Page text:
Pandemic Proofing Edge Data Center Monitoring With IoT Platforms

January 27, 2021 Michael C. Skurla, Chief Technology Officer, Radix IoT In the pandemic recovery world, an increase in compute-intensive technologies e.g. IoT, AI, and others, will remain as major drivers of the Edge market; with demand expanding, data centers must move closer to the Edge to allow for more robust connectivity to meet both enterprise and consumer needs.

Source: Pandemic Proofing Edge Data Center Monitoring With IoT Platforms

Edging the computing power closer to the end-users, Edge Data Centers offer increased security and privacy, decreased latency–a critical concern due to the onslaught of connected devices–and expedited upstream data transfer to Cloud ecosystems. 


Edge computing frameworks, integrated into a broader range of business and consumer infrastructures supporting Autonomous Cars, e-Health, and Smart Cities, for example, are expected to grow to $534.3 billion by 2025. According to Grand View Research the global Edge Computing market size will exceed 37% CAGR from 2020 to 2027, with the IoT-Edge partnership revolutionizing data computing. Every second, 127 new devices are connected to the web, driving the number of IoT devices that will be online to rise to 75 billion by 2025. And with more devices onboarding, driving IoT applications, and analytics, decreased latency is a critical necessity.

Edge Data Center Is Not Cloud

Across a nation and/or globe, Edge Data Centers fill the unique role of bringing processing capability closer to the application or user. From adding compute power in urban applications, to being placed in remote and hard-to-reach areas, Edge Data Centers differ from their bigger cousins in that they generally operate without any on-site staff. The units, usually prefabricated, still rely on all of the technology typical to a full-sized data center. And, in addition, they also rely on software solutions to facilitate remote management, triage, and monitoring. Therefore, IoT Platforms are the key to achieving uptime for this next generation of Data Centers.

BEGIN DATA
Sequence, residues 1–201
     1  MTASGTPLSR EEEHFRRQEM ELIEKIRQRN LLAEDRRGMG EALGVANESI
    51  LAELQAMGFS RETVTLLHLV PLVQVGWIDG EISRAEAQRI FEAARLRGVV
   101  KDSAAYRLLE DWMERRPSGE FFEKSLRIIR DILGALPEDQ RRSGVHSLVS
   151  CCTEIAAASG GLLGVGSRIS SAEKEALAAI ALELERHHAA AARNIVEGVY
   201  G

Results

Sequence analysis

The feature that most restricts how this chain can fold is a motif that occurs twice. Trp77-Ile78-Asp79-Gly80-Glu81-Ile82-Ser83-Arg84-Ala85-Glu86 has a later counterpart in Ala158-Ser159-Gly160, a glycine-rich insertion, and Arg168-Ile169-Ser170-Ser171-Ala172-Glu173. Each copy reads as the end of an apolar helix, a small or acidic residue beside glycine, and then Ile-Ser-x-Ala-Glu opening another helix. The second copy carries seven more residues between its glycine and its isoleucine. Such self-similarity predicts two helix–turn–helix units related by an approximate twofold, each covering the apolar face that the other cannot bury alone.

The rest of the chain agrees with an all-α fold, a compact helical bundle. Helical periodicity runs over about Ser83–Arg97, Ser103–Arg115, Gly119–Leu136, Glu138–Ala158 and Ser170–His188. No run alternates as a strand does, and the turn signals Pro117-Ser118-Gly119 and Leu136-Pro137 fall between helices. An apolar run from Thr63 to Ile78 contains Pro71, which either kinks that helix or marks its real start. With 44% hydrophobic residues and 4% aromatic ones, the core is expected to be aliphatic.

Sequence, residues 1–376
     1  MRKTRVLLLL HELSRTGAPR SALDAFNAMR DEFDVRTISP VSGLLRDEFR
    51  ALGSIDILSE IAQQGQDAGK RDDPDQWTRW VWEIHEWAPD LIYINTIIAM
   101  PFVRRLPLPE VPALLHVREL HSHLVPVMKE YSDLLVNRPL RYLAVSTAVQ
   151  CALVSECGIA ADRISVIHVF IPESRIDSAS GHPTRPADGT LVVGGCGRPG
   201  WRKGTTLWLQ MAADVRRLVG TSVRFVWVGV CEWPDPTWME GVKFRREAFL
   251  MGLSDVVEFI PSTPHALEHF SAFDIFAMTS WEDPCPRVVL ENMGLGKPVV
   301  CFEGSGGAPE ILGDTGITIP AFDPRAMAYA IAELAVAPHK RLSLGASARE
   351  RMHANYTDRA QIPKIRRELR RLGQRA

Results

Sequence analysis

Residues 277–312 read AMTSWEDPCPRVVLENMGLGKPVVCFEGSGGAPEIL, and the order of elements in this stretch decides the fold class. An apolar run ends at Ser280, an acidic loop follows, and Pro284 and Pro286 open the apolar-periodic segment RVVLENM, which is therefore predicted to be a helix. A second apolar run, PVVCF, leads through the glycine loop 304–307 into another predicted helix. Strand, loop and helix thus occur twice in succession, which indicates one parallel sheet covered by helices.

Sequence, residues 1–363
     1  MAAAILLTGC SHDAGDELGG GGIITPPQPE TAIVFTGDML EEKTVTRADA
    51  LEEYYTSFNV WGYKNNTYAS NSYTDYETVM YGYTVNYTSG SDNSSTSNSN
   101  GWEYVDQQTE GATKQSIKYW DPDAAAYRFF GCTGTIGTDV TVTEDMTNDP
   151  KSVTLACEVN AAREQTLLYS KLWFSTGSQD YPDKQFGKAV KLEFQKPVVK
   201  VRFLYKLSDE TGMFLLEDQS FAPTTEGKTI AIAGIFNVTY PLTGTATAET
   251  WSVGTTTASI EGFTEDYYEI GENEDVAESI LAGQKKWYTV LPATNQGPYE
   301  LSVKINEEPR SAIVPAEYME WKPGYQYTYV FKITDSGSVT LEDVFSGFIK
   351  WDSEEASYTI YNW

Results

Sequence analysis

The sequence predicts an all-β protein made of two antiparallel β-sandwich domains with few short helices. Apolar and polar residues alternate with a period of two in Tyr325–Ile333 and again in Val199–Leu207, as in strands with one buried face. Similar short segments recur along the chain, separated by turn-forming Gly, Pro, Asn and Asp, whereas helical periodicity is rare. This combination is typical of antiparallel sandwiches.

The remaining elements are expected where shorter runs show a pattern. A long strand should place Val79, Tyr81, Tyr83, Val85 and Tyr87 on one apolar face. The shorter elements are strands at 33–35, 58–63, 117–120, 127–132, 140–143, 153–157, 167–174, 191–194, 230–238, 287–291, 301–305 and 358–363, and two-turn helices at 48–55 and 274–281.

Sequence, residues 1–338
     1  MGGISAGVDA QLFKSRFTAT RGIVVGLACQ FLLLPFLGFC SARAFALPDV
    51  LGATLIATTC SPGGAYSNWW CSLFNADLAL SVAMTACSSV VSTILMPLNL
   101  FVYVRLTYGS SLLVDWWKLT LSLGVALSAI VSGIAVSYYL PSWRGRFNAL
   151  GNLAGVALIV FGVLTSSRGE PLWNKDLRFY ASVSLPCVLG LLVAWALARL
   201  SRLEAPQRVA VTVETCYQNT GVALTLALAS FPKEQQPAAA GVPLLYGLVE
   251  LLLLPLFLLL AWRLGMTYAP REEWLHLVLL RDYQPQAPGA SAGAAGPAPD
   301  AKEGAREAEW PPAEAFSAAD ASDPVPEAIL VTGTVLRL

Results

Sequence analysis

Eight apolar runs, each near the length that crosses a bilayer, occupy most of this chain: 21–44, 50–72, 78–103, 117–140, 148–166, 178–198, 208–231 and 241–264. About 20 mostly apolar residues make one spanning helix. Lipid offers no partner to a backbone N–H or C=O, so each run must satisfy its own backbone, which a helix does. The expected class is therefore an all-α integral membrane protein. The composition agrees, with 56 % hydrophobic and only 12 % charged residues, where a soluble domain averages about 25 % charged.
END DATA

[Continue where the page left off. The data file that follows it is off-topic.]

IoT Platforms enable remote rollout and management; they are critical for pandemic-proofing a site amidst any crisis when deploying on-site staff is impossible due to hard-to-reach locations, or there is simply a safety issue. Whether tasked with monitoring one, or thousands of geographically distributed sites, IoT Platforms allow operators to remotely manage and troubleshoot from one to thousands of location portfolios, from anywhere on the Earth.

Considering that Edge locations are a few feet in size – with one or half a rack, and a power profile of up to 100KW, dedicated to a few city blocks – they have a very low tolerance for failure or outages. Edge Data Centers serve essential infrastructure, and are set up near essential sites for either public or private enterprise applications. They are built out in networks, often in tandem with larger Colocation or Hyperscale Data Centers.